Another week’s sleep and Boris Johnson gets to be the center of worldwide attention. Next weekend, he’ll meet the leaders of the G7 in Cornwall.
For Johnson, it’s an opportunity to show that the UK still matters after Brexit. Independence was the promise of Brexit; delivered with the majestic slogan take back control. Now the question is what a medium-sized Western Power can do, only on the big stage.
Johnson himself likes to talk about Global Britain. The foreign strategy he published this spring therefore exudes global ambition. Two weeks ago, a new aircraft carrier left for Asia. HMS Queen Elizabeth was not out of sight before the government announced the construction of a new flagship. The new navy ship, intended for promotional trips and trade missions, “will be the first ship of its kind in the world and reflect the UK’s status as a large, independent seafaring trading nation,” said Johnson.
Do Brexit Britons allow themselves to be intoxicated by geopolitical fairy tales about their own abilities? Wouldn’t be the first time. FT commentator Philip Stephens wrote a delightful book about the British role in the world since WWII and the struggle of the UK to find an appropriate role for himself. Britain alone begins with the humiliation of Prime Minister Anthony Eden in the Suez Crisis (1956) and leads through Tony Blair’s defeat in the Iraq war to Johnson’s Brexit.
Stephens talks with Taste about the creation of the special relationship with the US, which is much more special for London than for Washington. And about the independent British nuclear weapon, which is actually not so independent British because the US demands that it should only be used in NATO context. The relationship with the US did give the UK an influential role as an intermediary between Washington and Brussels. By lifting the European anchor, the UK has deprived itself of that role.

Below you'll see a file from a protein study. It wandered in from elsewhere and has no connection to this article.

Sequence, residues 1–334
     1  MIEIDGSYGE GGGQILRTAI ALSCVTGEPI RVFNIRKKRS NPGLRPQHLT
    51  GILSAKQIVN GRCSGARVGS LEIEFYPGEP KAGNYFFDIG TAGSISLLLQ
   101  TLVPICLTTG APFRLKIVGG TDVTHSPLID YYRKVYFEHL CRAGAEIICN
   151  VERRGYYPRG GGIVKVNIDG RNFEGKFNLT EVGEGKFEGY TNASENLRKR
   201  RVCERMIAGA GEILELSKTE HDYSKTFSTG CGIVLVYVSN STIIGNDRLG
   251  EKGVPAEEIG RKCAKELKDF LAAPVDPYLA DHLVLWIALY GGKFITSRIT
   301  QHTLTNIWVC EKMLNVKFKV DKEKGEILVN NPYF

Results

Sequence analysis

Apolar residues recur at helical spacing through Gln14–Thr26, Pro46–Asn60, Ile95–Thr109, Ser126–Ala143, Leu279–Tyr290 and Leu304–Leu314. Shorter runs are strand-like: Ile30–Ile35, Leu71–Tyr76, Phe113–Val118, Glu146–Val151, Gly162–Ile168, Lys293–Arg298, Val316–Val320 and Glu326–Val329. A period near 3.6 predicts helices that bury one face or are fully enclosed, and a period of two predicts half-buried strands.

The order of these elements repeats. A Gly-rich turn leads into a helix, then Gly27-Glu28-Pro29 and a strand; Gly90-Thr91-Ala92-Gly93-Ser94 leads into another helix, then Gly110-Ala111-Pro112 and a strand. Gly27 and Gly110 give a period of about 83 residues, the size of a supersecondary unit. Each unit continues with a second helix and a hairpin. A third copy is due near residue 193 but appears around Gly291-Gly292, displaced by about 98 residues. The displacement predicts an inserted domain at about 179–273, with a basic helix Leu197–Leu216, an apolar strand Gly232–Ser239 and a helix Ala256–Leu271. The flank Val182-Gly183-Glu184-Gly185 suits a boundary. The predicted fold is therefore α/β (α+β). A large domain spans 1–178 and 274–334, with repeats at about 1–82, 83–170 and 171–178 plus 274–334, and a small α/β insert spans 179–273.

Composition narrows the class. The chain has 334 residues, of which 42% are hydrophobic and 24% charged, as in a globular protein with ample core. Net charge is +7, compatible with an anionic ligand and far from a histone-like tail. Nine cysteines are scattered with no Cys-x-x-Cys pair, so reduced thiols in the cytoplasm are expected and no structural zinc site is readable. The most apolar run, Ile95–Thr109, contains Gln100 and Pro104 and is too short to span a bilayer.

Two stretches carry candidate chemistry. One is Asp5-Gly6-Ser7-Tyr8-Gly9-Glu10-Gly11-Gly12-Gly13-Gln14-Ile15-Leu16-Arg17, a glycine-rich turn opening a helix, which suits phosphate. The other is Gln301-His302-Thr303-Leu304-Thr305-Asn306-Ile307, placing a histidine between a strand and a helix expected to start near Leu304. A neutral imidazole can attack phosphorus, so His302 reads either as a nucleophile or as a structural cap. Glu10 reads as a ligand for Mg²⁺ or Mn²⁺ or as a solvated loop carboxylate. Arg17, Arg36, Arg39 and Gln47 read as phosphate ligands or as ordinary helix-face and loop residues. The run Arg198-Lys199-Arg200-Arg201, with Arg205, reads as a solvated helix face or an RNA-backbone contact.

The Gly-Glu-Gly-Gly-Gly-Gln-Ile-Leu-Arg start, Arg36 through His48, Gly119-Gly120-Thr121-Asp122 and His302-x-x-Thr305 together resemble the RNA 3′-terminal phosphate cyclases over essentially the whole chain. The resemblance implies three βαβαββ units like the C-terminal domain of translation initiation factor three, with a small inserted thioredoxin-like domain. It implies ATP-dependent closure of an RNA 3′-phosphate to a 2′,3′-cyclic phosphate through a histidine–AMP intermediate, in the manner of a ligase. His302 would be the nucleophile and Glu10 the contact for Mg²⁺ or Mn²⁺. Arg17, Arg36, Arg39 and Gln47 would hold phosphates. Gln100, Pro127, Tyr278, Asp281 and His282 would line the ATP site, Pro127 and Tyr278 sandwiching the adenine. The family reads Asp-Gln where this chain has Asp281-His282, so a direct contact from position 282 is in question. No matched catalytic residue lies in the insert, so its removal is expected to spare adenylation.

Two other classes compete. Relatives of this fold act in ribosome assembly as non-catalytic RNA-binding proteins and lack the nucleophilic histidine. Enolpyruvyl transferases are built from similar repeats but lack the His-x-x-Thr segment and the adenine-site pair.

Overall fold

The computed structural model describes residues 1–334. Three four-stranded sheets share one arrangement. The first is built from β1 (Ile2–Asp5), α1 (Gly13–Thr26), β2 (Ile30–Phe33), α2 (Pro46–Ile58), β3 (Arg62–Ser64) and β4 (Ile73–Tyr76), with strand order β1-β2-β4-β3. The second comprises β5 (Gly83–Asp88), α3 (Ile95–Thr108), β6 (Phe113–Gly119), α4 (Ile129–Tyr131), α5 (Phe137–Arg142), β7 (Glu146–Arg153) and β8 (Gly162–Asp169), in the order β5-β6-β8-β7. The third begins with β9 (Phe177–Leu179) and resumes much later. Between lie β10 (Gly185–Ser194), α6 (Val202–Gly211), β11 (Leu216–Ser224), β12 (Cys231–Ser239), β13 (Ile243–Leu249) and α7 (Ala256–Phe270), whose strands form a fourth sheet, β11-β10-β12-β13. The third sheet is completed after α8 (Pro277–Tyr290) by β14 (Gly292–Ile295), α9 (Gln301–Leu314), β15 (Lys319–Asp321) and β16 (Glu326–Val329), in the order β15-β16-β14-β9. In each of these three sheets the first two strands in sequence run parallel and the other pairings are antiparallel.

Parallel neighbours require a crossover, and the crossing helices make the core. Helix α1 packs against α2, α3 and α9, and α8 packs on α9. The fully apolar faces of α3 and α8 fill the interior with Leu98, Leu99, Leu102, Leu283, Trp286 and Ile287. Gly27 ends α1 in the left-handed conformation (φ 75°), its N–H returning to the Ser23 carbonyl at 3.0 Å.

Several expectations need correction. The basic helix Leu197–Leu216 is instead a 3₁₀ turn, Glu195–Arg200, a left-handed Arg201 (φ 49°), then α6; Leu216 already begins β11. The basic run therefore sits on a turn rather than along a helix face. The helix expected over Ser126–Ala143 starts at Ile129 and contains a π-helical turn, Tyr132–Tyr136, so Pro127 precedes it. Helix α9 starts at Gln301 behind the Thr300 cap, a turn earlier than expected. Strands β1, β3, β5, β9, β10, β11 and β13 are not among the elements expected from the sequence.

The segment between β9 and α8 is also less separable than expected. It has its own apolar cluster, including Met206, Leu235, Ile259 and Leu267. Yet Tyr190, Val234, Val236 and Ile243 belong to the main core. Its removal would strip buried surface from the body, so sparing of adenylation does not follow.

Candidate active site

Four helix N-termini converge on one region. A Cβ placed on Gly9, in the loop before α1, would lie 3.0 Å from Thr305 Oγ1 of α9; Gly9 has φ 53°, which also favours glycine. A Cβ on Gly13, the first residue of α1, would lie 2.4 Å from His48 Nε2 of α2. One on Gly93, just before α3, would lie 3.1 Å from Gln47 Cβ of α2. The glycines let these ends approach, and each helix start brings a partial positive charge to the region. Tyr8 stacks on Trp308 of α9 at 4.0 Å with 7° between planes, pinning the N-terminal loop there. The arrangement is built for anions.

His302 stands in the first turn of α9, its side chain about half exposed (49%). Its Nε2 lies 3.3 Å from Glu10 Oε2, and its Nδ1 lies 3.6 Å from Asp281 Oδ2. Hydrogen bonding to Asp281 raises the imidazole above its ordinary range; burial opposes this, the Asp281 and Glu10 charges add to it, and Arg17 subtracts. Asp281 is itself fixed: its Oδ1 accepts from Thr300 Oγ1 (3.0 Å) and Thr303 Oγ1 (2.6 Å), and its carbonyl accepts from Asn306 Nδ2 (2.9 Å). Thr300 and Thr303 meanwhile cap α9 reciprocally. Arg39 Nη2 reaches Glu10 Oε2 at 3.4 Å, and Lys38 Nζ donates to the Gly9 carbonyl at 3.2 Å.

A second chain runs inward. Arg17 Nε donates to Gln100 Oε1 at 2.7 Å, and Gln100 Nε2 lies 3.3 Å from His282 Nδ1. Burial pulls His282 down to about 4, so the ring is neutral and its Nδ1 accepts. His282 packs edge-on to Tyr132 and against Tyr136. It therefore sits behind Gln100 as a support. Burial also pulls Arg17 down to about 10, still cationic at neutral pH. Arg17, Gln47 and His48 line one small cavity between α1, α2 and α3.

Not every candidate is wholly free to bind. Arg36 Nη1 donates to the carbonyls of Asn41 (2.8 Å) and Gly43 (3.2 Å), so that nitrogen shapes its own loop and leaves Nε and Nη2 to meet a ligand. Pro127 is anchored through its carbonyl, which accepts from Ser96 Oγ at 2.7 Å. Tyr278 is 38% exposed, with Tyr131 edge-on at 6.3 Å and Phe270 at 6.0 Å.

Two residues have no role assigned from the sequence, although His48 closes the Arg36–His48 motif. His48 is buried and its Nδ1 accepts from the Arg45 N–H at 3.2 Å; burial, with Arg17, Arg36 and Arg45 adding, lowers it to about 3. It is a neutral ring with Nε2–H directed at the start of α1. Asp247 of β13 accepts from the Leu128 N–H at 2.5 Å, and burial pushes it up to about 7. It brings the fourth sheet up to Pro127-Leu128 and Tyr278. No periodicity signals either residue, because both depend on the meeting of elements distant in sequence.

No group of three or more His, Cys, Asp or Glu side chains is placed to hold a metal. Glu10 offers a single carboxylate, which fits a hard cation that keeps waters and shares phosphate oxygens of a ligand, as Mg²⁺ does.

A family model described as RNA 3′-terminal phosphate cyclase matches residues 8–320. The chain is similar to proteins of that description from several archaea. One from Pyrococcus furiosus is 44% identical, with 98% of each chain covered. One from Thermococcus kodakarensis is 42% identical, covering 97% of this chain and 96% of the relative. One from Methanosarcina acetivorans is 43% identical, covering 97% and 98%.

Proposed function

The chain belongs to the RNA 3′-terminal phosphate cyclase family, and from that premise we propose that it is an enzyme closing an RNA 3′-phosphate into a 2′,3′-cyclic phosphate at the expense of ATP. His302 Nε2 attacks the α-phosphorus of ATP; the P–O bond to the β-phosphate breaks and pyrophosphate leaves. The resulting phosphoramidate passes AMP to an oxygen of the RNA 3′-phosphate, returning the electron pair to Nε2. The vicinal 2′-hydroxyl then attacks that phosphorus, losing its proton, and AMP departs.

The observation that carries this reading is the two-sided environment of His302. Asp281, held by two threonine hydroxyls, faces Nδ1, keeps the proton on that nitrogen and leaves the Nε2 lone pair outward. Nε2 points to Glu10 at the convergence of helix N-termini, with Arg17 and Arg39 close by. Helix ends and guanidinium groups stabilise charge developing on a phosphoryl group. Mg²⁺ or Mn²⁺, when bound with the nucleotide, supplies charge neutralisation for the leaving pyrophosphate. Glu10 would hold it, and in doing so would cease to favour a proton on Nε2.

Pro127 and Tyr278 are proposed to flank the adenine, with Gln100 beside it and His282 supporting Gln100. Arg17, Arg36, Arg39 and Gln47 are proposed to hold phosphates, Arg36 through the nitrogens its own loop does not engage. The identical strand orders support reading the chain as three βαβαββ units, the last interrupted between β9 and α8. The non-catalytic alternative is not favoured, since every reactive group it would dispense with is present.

How serious is this Global Britain story? The UK, as a medium-sized power, is not only a member of the G7 and G20, but also a permanent member of the UN Security Council and, in any case, a nuclear-weapon state. The British military still counts, and British espionage enjoys world fame. The UK economy has strengths – think financial services in London – and education and science have a good reputation.
There are also downsides. Trade with the EU has become more difficult and new trade agreements with others have yet to be concluded, Although negotiations with Australia are well advanced. The military is only a fraction of what it was at the time of the Falklands War. The development cooperation budget, long a British pride, has cut Johnson by £ 4 billion.
Every child sees that the UK does not fit into the list of global players: USA, China, Russia – that’s a different division. The UK is in France’s division, with one big difference: Paris can mobilise the combined power of the EU, the UK cant’ do it no longer.
Just as Eden thought it could go back to the days of the British Empire, writes Stephens, the Brexiteers think they can easily go back to the days before EU membership. “The delusion that Britain can do what it wants is destined to be shattered,” writes Stephens. In the Suez Crisis this happened in one fell swoop, after Brexit the disillusionment comes slowly but steadily.